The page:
The long goodbye

It wasn’t supposed to be like this. Not for this player. Not in this city. For this team. Yet here we are. Alex Gordon has become a fringe player for the Royals.

He returned to the Royals lineup on Tuesday night, hitting seventh in the order. He struck out looking to close the second, ripped one to the gap in left-center just out of the reach of his old teammate Lorenzo Cain, and flared one to short left (or deep third, depending upon your perspective). He finished the night with a fluke base hit when he rolled one over to second base, only for it to hit the runner, Jorge Soler. (Score that a base hit.) Gordon scored one of the Royals two runs following a couple of productive outs after his double.

It was a modest return for a player with what figures to be below modest expectations. 

His OPS+ in the small sample of his 24 plate appearances was a meager 18, or 78 percent below league average. It’s nine points lower than the man who was demoted to make room for him on the 25-man roster, Paulo Orlando. Let’s go one further. Orlando has been so consistently unproductive he has to be a candidate to be dropped from the 40-man roster when the Royals need to make their next move.

There’s a lot to unpack regarding his decline. We’ve covered it almost since the day we started this site. It has infected every facet of his offensive game. The defense still plays, as evidenced by last year’s Gold Glove, but it doesn’t play that much. It’s not enough to compensate for the void in the lineup.

One glimmer of hope can be found in his exit velocity. Prior to landing on the disabled list, Gordon’s average exit velocity was 89.7 mph. That was his highest rate since Statcast started tracking that data. 

Year Avg Exit Velo
2015 88.1 mph
2016 87.8 mph
2017 85.8 mph
2018 89.7 mph

A glimmer. Or the faintest of flickers. League average exit velocity so far in 2018 is 92.4 mph. In the small sample size of Gordon’s 17 balls put in play before he landed on the DL, it’s still well below league average. Going granular because we can with the small sample, he’s topped 100 mph on eight separate occasions. Twice against James Shields on Opening Day and two more times against Fransicso Liriano. The good news is he’ll face both of those guys plenty in the Central – provided they can stay with their teams for the entire year. No sure thing, that.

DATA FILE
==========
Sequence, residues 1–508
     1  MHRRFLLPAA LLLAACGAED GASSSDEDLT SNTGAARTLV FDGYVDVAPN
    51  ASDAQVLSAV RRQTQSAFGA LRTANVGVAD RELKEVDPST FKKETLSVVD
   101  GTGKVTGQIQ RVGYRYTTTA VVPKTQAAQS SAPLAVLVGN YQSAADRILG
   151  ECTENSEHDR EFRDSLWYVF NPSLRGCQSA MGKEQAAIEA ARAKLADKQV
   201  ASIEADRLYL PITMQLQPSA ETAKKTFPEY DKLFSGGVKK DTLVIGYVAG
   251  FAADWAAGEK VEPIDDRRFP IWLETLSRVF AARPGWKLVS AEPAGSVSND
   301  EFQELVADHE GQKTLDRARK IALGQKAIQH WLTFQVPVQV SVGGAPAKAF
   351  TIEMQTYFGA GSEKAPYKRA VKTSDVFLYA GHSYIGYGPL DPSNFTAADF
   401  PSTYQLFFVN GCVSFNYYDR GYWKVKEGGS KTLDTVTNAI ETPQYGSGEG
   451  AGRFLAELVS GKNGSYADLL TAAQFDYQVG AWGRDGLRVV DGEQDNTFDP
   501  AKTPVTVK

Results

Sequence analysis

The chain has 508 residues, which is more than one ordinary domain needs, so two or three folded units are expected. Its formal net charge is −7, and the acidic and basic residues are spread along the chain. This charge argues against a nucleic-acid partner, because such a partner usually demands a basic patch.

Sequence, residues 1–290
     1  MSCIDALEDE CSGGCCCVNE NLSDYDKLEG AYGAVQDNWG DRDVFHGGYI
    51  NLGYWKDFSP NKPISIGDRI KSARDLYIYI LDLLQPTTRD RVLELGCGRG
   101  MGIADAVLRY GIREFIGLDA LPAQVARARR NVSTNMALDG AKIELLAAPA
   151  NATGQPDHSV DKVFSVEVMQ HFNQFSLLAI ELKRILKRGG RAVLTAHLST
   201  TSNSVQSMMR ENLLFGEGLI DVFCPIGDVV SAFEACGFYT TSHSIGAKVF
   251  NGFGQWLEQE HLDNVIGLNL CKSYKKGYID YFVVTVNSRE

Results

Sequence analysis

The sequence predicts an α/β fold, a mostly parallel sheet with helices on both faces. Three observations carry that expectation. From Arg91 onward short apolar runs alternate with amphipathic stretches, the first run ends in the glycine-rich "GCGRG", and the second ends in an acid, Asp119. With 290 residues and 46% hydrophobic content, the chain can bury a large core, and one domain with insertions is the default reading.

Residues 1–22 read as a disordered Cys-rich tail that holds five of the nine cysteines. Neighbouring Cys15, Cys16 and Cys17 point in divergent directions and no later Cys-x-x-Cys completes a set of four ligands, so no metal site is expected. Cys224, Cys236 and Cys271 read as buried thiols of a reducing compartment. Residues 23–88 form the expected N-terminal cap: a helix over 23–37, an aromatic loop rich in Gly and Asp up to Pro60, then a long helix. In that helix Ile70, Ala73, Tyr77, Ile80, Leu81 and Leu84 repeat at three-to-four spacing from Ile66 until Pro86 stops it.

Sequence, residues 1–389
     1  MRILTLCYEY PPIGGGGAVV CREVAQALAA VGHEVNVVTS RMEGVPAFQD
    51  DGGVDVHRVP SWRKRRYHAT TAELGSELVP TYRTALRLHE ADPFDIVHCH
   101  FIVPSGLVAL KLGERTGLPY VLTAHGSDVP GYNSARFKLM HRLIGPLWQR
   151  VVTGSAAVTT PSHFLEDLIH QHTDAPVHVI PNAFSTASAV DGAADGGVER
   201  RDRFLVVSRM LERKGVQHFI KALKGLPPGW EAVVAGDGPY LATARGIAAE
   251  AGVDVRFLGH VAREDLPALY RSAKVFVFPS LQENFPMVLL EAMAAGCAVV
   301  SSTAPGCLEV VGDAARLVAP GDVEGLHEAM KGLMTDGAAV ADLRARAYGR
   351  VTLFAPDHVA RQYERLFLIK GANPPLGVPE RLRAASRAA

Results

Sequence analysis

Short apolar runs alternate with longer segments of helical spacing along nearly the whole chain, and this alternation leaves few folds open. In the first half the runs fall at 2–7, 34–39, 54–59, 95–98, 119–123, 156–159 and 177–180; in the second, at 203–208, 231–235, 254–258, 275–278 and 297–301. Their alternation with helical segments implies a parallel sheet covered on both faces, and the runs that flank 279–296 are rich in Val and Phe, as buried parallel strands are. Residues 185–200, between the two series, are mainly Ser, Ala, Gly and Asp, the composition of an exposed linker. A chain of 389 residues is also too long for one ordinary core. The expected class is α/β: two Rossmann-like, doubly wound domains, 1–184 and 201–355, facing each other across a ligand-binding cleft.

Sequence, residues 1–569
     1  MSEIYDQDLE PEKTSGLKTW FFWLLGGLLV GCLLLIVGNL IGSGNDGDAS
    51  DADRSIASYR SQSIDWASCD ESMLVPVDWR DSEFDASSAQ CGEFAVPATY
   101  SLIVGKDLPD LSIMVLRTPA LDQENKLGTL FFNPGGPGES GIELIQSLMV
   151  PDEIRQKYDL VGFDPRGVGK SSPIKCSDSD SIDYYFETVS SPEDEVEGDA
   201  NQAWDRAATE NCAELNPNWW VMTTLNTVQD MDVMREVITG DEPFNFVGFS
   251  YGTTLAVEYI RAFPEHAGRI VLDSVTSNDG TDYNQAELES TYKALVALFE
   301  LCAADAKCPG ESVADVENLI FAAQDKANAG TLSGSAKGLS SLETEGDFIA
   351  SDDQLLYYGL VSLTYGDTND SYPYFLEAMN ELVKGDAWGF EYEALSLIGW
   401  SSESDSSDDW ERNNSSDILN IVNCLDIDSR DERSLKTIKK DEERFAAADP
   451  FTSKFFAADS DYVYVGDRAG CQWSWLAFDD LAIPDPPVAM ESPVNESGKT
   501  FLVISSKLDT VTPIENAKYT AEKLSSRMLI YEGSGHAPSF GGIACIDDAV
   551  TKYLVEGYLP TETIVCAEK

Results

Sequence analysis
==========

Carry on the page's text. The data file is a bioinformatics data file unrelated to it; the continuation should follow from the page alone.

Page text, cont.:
We are wading into the shallowest end of the small sample pool, but Gordon’s BABIP was a ridiculously low .235 entering Tuesday’s game. It’s been in a free fall the last three years, so who knows where the true number is supposed to reside. It certainly should be higher than it’s current neighborhood. According to Statcast, based on his exit velocities and launch angles, his expected batting average should be .279 instead of it’s anemic .174. Again, it’s the smallest of samples. But this is the luck you create when you fail to consistently hit the ball with any kind of authority.

A slightly below average exit velocity is about it when it comes to looking for a silver of positivity. Searching for something, anything that can point to an uptick in offensive performance feels futile at this point. Even in his current career best average exit velocity, there’s little optimism. Of those 17 baseballs put in play, only three traveled more than 300 feet. Two were outs against Liriano. The other was his double on Tuesday. He has yet to barrel one. 

He didn’t barrel one on Tuesday, but he did drive that double 370 feet. It was his longest drive of the young season. However, the bat speed just isn’t there anymore. He may run into one occasionally, but he can’t be counted upon to create a positive performance at the plate with any kind of consistency. 

Gordon maintains he’s healthy. He says the injection into his hip and the time off helped. He’s pain free and, he says, he’s ready to play. The question is, how much longer can the Royals keep him in the lineup? The Royals jettisoned Orlando, which isn’t a big deal at all because it’s like for like at this point. (I can’t believe that’s an actual sentence I wrote.) The Royals owe Gordon an actual truckload of money for this year and next. How long does a rebuilding team keep around a veteran who can’t produce anything at the plate?

The breakups with Lorenzo Cain and Eric Hosmer weren’t fun, but they were the nature of the business. Stars leave small market teams for big paydays. Gordon was different. The star who took the hometown payday. Now it feels like his time in Kansas City won’t have a similar happy ending. The Royals will give him a long leash (they already have), but if he somehow can’t magically rediscover how to drive the ball, it’s not in their best interests to keep him around. And considering everything he’s given to the franchise, that’s a shame it’s come to this.

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